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Be it either whilst writing or reading, I've not come by an easy way to comprehend the use of the 'that that' lexical ambiguity, taking into account that improper use of punctuation is not the issue.

Is there an example anyone could cite (and link if possible) that doesn't affect the flow of the prose itself to the reader?

  • He said that that won't do.

  • I think that that is the best choice.

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    This is really a matter of opinion ... I don't think that these examples are that hard to understand. Note that the two thats are pronounced differently in many dialects. Possibly people who pronounce them the same use this construction less. – Peter Shor Feb 8 '15 at 11:11
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    What level are you aiming at? French has different words for the complementiser and the demonstrative pronoun usages (que, and ça etc). You could compare "I think that that is the best pub in town" with "I think that that's the best pub in town" and "I think that this is the best pub in town." (I've changed the example slightly to get further from the "should we use 'this', 'that' or either in this sentence?" complication.) – Edwin Ashworth Feb 8 '15 at 11:52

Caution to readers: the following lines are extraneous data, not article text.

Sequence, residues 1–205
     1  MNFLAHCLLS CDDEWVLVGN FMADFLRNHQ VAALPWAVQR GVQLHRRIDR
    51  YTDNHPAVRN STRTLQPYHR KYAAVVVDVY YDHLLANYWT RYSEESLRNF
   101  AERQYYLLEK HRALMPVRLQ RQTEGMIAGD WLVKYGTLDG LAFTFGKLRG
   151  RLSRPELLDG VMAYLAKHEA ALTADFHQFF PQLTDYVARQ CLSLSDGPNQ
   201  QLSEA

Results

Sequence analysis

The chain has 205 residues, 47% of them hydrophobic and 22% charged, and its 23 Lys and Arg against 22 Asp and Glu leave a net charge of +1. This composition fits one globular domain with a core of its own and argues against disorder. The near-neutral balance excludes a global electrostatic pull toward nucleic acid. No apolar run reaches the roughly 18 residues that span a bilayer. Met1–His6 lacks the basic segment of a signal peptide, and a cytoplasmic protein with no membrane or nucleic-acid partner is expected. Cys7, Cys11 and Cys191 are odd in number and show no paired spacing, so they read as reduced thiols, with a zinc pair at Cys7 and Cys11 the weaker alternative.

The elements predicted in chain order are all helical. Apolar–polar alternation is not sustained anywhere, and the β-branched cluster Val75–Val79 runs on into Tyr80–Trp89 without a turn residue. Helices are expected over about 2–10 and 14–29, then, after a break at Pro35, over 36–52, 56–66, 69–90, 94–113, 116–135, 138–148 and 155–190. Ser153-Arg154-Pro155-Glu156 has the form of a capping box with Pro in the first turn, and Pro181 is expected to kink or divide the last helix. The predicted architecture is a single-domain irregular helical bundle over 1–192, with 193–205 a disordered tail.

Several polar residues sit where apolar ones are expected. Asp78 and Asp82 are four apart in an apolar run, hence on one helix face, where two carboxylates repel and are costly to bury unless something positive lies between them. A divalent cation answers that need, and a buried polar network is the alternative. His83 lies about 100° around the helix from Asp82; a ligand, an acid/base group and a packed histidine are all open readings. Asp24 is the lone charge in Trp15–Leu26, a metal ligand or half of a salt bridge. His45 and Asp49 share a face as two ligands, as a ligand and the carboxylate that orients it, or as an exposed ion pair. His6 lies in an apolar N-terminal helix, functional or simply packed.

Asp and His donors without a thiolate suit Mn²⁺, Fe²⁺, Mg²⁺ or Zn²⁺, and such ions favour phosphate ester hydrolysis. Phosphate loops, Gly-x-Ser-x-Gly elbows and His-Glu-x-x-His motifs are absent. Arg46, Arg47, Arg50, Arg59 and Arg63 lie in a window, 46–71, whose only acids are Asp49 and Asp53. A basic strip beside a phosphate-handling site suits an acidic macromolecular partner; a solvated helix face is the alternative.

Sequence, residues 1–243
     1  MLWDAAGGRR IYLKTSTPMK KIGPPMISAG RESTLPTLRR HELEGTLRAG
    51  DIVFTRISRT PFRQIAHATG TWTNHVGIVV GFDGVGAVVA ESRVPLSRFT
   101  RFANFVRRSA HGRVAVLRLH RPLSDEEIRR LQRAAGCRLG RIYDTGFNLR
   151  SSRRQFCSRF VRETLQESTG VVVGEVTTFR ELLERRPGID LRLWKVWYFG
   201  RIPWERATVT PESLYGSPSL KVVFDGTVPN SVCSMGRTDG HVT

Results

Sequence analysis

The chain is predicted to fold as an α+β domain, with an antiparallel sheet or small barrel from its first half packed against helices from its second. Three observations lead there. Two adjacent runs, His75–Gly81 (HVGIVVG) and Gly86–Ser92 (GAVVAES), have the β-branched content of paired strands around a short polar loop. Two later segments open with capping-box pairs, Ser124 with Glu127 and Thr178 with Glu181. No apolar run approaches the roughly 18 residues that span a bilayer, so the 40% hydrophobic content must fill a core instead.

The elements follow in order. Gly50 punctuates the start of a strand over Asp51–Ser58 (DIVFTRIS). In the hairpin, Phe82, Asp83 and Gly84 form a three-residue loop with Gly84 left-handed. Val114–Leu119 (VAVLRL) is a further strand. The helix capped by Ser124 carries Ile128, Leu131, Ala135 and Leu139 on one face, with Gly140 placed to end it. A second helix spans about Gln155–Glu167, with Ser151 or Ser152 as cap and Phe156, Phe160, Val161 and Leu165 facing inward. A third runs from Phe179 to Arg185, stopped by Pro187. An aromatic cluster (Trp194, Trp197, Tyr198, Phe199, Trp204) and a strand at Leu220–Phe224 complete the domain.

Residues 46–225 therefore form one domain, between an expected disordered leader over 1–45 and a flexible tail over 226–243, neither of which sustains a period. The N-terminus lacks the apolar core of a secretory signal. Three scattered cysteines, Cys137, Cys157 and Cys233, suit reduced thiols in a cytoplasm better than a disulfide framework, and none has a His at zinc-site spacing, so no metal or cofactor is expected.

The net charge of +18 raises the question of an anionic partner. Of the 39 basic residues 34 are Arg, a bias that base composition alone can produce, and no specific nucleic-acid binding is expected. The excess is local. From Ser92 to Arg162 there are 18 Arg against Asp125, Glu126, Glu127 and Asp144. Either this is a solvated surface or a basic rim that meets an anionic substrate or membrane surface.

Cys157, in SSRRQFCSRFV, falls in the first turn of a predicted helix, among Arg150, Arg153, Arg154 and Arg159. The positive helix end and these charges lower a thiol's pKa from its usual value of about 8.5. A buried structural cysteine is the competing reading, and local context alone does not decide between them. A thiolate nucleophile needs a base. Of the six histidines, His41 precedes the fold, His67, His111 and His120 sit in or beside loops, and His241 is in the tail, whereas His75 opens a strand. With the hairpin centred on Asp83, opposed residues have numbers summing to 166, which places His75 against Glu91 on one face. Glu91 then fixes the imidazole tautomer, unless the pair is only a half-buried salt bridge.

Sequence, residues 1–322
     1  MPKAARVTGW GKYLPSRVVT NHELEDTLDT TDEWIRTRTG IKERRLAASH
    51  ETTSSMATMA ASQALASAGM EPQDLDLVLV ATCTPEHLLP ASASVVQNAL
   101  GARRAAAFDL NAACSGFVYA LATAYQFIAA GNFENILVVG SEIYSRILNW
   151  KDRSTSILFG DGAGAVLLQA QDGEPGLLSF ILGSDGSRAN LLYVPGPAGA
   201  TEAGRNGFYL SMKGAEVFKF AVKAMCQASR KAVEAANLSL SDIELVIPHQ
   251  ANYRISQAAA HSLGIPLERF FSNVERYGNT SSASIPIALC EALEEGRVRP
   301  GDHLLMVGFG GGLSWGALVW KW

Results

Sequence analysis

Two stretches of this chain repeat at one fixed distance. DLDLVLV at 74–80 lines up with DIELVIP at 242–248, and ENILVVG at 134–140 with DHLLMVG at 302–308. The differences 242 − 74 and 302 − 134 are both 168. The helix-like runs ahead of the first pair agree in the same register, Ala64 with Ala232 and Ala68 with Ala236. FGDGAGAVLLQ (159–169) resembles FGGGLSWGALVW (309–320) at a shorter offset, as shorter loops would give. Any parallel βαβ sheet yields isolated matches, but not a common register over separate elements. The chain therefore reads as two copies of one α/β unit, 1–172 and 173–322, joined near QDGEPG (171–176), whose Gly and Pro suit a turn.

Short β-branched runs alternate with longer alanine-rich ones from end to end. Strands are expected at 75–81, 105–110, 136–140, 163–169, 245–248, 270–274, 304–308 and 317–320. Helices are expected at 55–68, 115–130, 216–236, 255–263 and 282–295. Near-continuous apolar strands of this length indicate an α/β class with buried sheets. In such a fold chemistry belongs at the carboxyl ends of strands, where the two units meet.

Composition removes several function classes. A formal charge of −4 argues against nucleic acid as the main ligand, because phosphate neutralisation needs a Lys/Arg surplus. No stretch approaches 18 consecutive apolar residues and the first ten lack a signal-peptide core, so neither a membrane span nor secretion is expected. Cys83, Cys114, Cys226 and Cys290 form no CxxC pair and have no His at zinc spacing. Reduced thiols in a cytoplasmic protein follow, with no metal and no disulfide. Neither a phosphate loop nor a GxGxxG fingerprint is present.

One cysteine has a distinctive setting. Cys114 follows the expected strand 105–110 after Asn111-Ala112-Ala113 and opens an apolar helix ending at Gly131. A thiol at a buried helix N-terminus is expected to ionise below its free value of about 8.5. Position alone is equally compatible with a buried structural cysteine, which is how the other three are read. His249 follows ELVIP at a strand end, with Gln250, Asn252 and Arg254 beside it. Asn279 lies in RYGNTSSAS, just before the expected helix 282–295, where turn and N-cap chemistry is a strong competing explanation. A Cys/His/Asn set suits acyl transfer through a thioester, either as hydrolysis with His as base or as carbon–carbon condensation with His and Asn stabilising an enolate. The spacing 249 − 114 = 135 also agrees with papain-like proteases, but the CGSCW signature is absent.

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Oftentimes the problematic "that" is superfluous and can simply be removed (especially colloquially). For example, instead of "I think that that is the best choice," just say "I think that is the best choice."

Another option is to eliminate "I think that," and simply state the opinion that forms the most important part of the sentence: "That is the best choice." Oftentimes it is presumptively the case that what a speaker says is his own opinion. Of course, context may make this approach unsuitable (e.g., where the speaker is emphasizing that the opinion is his own).

There are plenty of other ways to restructure as well. "According to him, ..." instead of "He said that," for example.

  • I don't agree with your first paragraph. "I think that that man doesn't know what he's talking about" doesn't have a problematic "that" -- and in writing, it is less confusing than "I think that man doesn't know what he's talking about." – ruakh Feb 8 '15 at 19:26
  • @ruakh: You mean that without the second "that" it's ambiguous — it might be taken to mean that "mankind doesn't know what he's talking about"? – Peter Shor Feb 8 '15 at 23:39
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    @PeterShor: Right. And even if it hadn't been completely ambiguous, it could still lead you down the garden path. ("He had a very difficult childhood, and I think that childhood is part of why he turned out the way he did.") – ruakh Feb 8 '15 at 23:49

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